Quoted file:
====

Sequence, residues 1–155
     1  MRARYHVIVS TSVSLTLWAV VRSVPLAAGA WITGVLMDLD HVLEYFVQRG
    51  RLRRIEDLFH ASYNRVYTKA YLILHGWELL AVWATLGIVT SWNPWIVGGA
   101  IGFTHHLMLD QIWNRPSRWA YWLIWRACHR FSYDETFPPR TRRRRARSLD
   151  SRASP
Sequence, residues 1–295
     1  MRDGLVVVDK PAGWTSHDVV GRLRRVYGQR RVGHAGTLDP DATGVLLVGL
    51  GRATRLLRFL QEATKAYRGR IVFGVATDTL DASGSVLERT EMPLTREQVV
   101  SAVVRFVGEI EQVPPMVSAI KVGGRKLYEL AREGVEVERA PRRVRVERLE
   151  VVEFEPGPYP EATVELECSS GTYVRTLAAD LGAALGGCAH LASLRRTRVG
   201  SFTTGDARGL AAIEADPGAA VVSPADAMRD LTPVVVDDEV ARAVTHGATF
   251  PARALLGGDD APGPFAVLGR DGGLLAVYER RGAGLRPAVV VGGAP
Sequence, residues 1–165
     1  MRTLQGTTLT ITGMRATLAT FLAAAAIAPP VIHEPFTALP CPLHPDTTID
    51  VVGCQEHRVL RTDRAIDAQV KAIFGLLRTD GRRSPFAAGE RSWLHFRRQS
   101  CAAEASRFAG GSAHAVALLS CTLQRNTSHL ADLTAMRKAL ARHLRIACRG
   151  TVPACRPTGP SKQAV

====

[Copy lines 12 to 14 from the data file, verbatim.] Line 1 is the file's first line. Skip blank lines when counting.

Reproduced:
   251  PARALLGGDD APGPFAVLGR DGGLLAVYER RGAGLRPAVV VGGAP
Sequence, residues 1–165
     1  MRTLQGTTLT ITGMRATLAT FLAAAAIAPP VIHEPFTALP CPLHPDTTID